New Staff Surgeon Explains His Affinity for the Aorta and Why He Stayed on After Residency

Cardiac surgeon Patrick Vargo, MD, reflects on his first year as Cleveland Clinic staff


During his residency in cardiothoracic surgery at Cleveland Clinic, Patrick Vargo, MD, knew he was already where he wanted to spend his career. While training, he developed a specialty interest in aortic operations and had the opportunity to take part in diverse clinical research projects, serving as first author on publications on obesity and cardiac surgery outcomes, management of aortic aneurysms, and cardiac surgery outcomes in patients with previous solid organ transplantation.


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At the completion of his residency in 2019, Dr. Vargo was delighted to be invited to join Cleveland Clinic’s Department of Thoracic and Cardiovascular Surgery. Consult QD recently spoke with him about his first year on staff and his aspirations for the future.

Q: Why did you choose Cleveland Clinic for your residency?

Dr. Vargo: Cleveland Clinic has a very well-established history at the forefront of cardiovascular surgery; a lot of giants in the field have been here. What especially appealed to me is the reputation of being fearless in handling difficult cases, an outlook that is continually pushing the specialty forward.

Q: How did you decide on cardiac surgery as a specialty?

Dr. Vargo: There’s nothing more rewarding than meeting people in life-or-death situations, having the ability to treat them and seeing them doing well afterwards. The results are very tangible. For chronic aortic diseases, we also have the opportunity to see patients multiple times throughout their lifetime and develop long-term relationships. It’s very satisfying.

Q: What sparked your specialty interest in aortic conditions?


Dr. Vargo: The aorta traverses the chest and abdomen, so there are many different problems that can affect it, which offers a variety of opportunities for treatment and possibilities for technique advancement. Efforts to make aortic procedures safer and less invasive are major areas of growth in cardiothoracic surgery; in 2019, Cleveland Clinic performed 1,371 aorta operations, including 1,110 on the thoracic aorta. Thoracic endovascular aortic repair [TEVAR] for thoracic aneurysms and dissections as well as the expansion of transcatheter aortic valve replacement [TAVR] for aortic valve disease are just some of the exciting developments that have emerged in recent years, and Cleveland Clinic has been instrumental in advancing such therapies.

Aortic diseases are also fascinating in that many are increasingly recognized as being a component of genetic disorders, such as Loeys-Dietz syndrome, Marfan syndrome and familial thoracic aortic aneurysm and aortic dissection [familial TAAD], among others. Often a patient with an unusual syndrome is not recognized as having one until presenting for surgical repair of an aneurysm or dissection. We play an important role in identifying such syndromes with cardiologists and medical geneticists so patients can be monitored and treated appropriately, and so that family members can be screened as well.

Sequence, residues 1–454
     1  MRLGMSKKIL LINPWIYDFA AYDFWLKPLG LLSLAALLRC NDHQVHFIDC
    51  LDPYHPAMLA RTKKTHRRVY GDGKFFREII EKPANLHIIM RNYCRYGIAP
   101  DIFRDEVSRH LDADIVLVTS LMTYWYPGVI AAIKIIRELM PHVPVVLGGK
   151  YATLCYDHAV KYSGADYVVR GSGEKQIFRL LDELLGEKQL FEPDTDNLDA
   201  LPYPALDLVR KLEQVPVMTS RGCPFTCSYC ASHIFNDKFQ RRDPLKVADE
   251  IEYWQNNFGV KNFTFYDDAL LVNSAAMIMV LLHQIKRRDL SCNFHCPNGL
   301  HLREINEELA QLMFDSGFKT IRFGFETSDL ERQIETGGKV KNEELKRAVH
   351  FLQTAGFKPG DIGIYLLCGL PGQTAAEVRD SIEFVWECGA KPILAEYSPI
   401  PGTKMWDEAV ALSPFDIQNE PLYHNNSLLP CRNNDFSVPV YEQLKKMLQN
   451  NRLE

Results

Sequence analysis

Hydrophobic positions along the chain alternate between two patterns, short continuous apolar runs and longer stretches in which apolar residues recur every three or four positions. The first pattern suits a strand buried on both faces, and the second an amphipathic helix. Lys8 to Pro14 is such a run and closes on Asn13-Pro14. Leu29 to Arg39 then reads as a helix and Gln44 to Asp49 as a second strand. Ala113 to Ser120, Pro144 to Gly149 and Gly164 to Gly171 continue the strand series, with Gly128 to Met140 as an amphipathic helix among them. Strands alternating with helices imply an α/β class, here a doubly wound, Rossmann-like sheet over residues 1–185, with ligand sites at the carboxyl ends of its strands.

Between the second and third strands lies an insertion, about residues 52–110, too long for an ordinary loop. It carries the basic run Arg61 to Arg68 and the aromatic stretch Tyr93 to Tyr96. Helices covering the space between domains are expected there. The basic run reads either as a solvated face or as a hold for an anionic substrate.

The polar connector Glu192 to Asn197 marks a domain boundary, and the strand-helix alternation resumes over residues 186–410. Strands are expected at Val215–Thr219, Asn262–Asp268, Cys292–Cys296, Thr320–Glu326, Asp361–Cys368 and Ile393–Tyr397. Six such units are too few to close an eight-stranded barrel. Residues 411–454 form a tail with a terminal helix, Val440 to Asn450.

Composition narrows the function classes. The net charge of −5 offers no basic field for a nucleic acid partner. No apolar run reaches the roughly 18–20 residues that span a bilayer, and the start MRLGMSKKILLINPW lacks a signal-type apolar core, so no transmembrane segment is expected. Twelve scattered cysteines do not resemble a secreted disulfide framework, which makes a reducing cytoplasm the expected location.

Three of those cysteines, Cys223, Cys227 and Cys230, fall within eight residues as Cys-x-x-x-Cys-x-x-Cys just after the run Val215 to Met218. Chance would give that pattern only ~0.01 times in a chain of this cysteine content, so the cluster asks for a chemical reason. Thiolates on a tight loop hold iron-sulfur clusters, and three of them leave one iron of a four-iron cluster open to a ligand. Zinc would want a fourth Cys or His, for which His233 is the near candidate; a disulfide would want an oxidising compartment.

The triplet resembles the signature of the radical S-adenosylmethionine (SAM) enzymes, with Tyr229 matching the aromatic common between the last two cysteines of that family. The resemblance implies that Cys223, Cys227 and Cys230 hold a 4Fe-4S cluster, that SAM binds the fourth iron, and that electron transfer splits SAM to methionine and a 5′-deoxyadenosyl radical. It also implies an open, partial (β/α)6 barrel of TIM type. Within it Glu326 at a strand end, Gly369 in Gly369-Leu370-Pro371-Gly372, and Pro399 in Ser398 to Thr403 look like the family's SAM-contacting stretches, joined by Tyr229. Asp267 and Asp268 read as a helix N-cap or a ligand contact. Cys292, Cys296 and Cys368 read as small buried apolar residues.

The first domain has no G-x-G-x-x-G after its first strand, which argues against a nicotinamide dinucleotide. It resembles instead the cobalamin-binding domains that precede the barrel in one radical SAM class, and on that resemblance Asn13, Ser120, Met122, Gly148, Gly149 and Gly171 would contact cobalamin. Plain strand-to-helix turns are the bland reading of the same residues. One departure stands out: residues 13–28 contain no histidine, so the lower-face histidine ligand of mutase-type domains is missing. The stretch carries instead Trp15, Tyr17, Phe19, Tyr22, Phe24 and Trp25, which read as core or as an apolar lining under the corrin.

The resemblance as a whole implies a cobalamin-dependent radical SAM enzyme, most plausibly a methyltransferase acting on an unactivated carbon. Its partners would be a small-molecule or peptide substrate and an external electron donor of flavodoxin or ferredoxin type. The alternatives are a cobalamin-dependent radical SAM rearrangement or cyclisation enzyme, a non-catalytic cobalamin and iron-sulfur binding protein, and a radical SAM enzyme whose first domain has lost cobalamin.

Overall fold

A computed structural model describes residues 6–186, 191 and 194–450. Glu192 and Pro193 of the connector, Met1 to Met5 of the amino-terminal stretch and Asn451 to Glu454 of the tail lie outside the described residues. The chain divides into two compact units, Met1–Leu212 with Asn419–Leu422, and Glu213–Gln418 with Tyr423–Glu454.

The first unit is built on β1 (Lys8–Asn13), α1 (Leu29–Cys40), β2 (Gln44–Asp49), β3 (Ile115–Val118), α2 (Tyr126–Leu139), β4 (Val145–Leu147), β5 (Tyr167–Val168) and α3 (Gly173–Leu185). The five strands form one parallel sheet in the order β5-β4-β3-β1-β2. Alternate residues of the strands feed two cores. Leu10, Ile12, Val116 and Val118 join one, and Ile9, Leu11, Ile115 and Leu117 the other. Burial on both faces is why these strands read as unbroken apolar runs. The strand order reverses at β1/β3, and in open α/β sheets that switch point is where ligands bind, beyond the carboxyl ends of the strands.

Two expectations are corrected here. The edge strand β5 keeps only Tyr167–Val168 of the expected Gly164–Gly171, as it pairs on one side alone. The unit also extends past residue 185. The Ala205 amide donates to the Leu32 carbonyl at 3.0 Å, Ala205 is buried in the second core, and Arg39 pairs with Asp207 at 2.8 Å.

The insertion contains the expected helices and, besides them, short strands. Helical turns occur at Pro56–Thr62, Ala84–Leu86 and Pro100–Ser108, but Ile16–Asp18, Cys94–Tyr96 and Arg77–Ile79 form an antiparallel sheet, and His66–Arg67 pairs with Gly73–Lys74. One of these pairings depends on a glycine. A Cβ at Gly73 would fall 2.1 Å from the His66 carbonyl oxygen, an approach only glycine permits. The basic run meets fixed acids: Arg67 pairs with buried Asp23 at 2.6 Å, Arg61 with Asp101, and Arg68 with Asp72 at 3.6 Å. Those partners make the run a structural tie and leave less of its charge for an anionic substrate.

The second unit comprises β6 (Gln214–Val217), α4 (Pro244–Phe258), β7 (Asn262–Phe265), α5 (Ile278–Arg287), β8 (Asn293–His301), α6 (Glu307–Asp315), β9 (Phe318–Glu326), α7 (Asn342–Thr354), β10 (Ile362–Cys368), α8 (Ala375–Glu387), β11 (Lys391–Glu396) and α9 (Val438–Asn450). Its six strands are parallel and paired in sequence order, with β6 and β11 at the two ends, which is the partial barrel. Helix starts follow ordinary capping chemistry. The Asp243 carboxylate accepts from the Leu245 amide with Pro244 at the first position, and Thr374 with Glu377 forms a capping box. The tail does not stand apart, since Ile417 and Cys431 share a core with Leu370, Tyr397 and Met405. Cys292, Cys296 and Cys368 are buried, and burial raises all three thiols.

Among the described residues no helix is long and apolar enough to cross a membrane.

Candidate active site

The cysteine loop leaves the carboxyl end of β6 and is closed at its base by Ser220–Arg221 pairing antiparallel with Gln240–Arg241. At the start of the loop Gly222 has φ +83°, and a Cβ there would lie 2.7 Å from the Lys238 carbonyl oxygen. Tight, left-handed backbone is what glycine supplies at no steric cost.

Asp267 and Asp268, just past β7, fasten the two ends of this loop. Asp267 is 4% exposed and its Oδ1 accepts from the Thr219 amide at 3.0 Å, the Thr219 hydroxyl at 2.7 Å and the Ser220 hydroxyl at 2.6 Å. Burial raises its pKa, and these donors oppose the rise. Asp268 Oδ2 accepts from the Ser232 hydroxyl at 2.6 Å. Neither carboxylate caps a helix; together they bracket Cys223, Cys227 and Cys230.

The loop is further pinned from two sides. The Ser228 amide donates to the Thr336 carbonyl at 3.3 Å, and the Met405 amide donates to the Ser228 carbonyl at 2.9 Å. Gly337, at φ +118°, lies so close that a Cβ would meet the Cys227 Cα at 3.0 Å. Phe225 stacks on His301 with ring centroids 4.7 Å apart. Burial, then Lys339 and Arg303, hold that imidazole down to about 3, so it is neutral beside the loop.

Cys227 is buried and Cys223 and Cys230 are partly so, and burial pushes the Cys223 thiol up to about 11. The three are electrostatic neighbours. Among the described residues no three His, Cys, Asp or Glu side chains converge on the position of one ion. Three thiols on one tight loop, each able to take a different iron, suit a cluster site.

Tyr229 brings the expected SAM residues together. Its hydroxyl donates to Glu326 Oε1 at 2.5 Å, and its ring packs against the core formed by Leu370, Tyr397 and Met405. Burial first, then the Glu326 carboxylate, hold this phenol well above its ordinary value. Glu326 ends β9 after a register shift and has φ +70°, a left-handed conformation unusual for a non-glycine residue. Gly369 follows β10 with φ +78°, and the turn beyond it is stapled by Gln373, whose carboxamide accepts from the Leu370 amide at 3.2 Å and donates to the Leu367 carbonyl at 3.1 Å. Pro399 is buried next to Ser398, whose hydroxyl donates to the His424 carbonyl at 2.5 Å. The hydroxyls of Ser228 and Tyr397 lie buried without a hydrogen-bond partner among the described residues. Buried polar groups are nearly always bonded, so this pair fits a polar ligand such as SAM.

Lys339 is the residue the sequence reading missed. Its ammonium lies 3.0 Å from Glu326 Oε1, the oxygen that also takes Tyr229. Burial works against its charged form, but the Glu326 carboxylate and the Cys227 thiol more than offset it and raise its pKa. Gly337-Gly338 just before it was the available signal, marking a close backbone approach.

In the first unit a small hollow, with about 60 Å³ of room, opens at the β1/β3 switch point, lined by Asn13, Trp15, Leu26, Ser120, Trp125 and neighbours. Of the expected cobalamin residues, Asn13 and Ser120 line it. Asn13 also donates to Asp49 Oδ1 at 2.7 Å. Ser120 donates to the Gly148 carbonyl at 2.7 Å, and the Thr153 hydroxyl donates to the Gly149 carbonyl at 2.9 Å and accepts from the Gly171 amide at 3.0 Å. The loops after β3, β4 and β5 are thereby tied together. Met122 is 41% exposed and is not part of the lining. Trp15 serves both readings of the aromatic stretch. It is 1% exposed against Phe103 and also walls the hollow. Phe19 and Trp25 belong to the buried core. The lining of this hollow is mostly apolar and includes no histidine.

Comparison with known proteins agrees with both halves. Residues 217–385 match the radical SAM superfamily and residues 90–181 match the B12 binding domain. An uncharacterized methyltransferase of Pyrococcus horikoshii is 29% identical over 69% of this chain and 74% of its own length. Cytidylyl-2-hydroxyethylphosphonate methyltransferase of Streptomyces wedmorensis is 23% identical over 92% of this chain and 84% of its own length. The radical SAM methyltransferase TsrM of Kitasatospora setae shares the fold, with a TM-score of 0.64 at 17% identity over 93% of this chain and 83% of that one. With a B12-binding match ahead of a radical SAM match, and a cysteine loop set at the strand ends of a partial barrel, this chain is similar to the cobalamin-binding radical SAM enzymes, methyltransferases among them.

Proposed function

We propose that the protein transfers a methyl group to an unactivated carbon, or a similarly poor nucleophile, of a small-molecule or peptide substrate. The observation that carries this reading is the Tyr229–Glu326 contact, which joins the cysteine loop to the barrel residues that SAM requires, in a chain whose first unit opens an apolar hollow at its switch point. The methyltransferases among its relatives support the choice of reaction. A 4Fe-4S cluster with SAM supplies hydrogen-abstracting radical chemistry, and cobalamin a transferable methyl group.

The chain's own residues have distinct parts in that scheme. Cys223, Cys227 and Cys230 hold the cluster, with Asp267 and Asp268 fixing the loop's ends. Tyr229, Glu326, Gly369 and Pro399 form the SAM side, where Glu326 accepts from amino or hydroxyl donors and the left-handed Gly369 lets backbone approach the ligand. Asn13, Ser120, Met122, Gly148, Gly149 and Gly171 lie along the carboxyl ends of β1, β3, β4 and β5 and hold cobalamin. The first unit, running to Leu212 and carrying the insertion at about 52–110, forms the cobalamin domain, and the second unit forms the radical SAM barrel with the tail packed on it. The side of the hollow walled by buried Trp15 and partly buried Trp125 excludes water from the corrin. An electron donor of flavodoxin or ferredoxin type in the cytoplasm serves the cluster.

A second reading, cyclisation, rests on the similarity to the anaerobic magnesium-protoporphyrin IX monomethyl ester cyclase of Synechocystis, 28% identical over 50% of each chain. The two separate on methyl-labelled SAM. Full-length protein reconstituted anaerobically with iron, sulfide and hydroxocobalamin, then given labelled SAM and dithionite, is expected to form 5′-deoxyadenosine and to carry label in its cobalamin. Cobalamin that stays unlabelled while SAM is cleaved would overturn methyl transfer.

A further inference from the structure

Q: What are likely to be your next research projects?

Dr. Vargo: Given the volume of patients we see at Cleveland Clinic with a wide range of conditions, analysis of our own outcomes is especially fruitful. I’m particularly interested in the treatment of aortic aneurysms and chronic aortic dissection and their evolution, areas with a multitude of unanswered questions: How do different imaging characteristics predict risk when monitoring a dissection or aneurysm? When do you jump in to treat? Under what conditions is open surgical repair the optimal intervention compared with endovascular strategies? All these questions require good data to answer, and fortunately Cleveland Clinic keeps excellent records in a registry format that’s especially amenable to research.

Q: Your first year on staff has certainly been an exceptional one, given the coronavirus pandemic. What has that been like?

Dr. Vargo: Although I haven’t worked directly with patients critically ill with COVID-19, repercussions of the pandemic have definitely been in the background, adding another layer of stress for our patients. Now that we are again open for nonemergency surgeries, we have to help patients navigate decisions on whether to proceed with an intervention that had been put off during the early months of the pandemic. The prospect of undergoing heart surgery is already anxiety-inducing, even without concerns about the coronavirus. But another part of the equation is the need to optimize cardiac health and not delay necessary treatment before irreversible heart damage develops.


Q: You’ve been on staff at Cleveland Clinic for a year now. What’s your impression?

Dr. Vargo: What continually amazes me is the degree of collegiality, not only within my department but across specialties. People work together and share difficult clinical questions and solutions. Being in this kind of work environment is a true pleasure. It also fosters innovation and is an important reason we can handle such complex cases.

Q: What do you look forward to in the years ahead?

Dr. Vargo: I know that innovation will always be central to this field, and that’s what excites me. I am continuously witnessing the development of new tools and their expanding application to more complex surgeries. I am thrilled to be at this remarkable place where I can participate in that evolution.

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